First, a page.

Updated from 5:13 p.m. EST
SAN FRANCISCO -- Upscale department store
posted a healthy rise in profits for the third quarter, beating analysts' estimates and its own lowered guidance.
The Seattle-based retailer, which has seen its stock battered amid fears of a consumer slowdown spreading to the upper spending echelons, also offered a profit view for the year that was above analysts' targets. Shares were jumping $3.18, or 10%, to $33.70 in after-hours trading Monday.
Nordstrom earned $165.7 million, or 68 cents a share, in the third quarter, up from $135.7 million, or 52 cents a share, in the same period last year.
The results included a gain of $20.9 million, or 9 cents a share, from the sale of the company's Falconnable business. But even when the gain is excluded, the results exceeded analysts' average forecast for earnings of 52 cents.
In October, Nordstrom lowered its guidance to 50 cents to 53 cents from its previous forecast of 61 cents to 64 cents amid below-plan sales and rising inventory.
Sales in the quarter ended Nov. 3 totaled $1.97 billion, compared with $1.87 billion a year ago. That met analysts' expectations. Same-store sales, or sales at stores open at least a year, grew 2.2%, within the company's revised low to mid-single digit same-store sales outlook.
Nordstrom's gross profit fell 38 basis points, with its merchandise margin rate hurt by increased markdowns. The company said it has made progress with controlling its inventory and expects it to be in line with its plan by the end of the year.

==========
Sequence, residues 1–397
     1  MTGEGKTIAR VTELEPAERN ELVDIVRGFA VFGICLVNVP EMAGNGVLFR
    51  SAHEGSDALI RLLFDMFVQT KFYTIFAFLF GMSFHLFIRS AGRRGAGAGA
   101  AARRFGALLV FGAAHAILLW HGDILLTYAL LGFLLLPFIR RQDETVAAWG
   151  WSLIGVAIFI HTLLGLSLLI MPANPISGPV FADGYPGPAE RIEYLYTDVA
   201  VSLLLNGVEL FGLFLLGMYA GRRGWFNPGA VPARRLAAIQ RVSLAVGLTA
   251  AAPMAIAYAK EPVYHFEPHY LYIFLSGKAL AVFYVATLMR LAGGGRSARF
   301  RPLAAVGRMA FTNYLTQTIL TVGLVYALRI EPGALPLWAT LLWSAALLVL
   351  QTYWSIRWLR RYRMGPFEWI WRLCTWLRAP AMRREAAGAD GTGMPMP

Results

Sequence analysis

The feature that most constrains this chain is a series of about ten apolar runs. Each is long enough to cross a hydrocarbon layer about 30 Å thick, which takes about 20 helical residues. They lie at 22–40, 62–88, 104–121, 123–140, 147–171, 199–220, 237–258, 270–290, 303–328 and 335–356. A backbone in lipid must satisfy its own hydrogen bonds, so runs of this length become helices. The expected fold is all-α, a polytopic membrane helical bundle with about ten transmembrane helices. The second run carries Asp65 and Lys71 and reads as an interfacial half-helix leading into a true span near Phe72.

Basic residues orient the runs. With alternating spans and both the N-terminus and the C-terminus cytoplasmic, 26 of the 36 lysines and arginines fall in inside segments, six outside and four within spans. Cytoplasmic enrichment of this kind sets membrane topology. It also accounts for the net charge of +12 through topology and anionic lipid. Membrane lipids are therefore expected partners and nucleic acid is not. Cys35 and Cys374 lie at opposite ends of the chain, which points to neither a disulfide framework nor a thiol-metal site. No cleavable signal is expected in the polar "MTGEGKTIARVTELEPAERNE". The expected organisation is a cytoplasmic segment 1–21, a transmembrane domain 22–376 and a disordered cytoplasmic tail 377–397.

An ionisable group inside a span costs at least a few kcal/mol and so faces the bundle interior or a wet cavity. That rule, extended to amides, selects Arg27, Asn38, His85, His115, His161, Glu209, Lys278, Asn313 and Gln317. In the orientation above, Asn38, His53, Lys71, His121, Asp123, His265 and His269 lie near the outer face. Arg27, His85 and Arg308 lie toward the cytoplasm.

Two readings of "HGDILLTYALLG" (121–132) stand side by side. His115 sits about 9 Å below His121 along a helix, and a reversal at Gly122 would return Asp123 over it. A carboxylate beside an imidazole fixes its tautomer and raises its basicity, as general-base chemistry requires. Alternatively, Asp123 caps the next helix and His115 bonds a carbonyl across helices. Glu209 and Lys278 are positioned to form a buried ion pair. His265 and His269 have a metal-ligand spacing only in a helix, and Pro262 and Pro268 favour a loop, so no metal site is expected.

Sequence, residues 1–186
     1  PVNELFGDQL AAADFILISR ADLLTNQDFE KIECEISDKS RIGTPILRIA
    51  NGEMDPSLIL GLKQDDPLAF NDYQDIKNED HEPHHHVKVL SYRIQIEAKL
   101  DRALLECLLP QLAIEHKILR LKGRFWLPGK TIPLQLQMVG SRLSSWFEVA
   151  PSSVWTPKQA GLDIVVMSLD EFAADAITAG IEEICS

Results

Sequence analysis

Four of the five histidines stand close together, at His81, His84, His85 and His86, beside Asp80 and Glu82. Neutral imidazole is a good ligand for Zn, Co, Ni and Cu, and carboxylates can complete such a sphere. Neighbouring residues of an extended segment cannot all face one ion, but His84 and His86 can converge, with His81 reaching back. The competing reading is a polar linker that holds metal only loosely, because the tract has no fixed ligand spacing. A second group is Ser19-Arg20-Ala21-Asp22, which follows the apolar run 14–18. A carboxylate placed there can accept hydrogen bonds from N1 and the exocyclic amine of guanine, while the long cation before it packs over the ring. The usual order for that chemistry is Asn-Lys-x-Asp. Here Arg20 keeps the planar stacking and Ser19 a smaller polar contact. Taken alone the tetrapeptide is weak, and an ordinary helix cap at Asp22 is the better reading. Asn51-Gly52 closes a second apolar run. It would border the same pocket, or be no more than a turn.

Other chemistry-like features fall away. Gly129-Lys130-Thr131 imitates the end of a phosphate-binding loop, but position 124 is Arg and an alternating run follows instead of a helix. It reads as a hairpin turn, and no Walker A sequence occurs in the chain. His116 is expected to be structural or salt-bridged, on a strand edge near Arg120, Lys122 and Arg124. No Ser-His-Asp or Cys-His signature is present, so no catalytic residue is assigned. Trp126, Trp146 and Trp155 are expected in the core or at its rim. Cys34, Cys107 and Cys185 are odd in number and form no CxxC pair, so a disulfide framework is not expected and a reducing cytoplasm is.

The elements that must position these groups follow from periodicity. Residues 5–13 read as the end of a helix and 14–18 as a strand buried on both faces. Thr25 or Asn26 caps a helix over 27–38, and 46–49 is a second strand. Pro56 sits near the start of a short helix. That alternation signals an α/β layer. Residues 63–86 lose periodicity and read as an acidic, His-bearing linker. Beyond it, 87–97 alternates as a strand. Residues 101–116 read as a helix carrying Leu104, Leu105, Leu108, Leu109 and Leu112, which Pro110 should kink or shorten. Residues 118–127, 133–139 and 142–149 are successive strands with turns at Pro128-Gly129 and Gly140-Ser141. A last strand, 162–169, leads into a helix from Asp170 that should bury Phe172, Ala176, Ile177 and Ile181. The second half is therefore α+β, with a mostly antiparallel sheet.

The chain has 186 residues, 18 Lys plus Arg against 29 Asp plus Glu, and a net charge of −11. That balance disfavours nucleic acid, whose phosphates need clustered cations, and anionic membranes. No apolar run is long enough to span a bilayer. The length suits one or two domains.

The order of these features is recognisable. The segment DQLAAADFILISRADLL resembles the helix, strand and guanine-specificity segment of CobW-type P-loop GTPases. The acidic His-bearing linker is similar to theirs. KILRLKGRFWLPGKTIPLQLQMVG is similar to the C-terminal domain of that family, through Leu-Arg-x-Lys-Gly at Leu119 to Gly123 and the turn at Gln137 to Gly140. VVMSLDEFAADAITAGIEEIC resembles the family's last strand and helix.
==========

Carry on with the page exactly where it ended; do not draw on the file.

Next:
For the year, Nordstrom expects same-store sales to increase 3% to 4%. Earnings are estimated to range from $2.87 to $2.91, including the Falconnable gain and other one-time items.
Excluding the gain, Nordstrom sees earnings of $2.78 to $2.82 a share for the year. While the company' prior guidance called for earnings of $2.80 to $2.86, the new forecast tops analysts' mean estimate for full-year earnings of $2.76.
For the fourth quarter, same-store sales are expected to be flat, with earnings of 88 cents to 92 cents. Analysts predict fourth-quarter earnings per share of 94 cents.
Nordstrom's board also authorized an additional $1 billion in share repurchase, bringing its total authorization to $2.5 billion. The retailer has already repurchased about 16.4 million shares in the third quarter for $750 million, representing about half of the $1.5 billion share repurchase program authorized at the beginning of the quarter.
Nordstrom's stock has fallen 36% since the start of the third quarter as investors fear that a consumer slowdown will cause middle-income shoppers to cut back on so-called aspirational luxury goods. Already,
, an upscale seller that attracts many middle-income customers who splurge on its accessories, has warned that it has seen slowing traffic trends.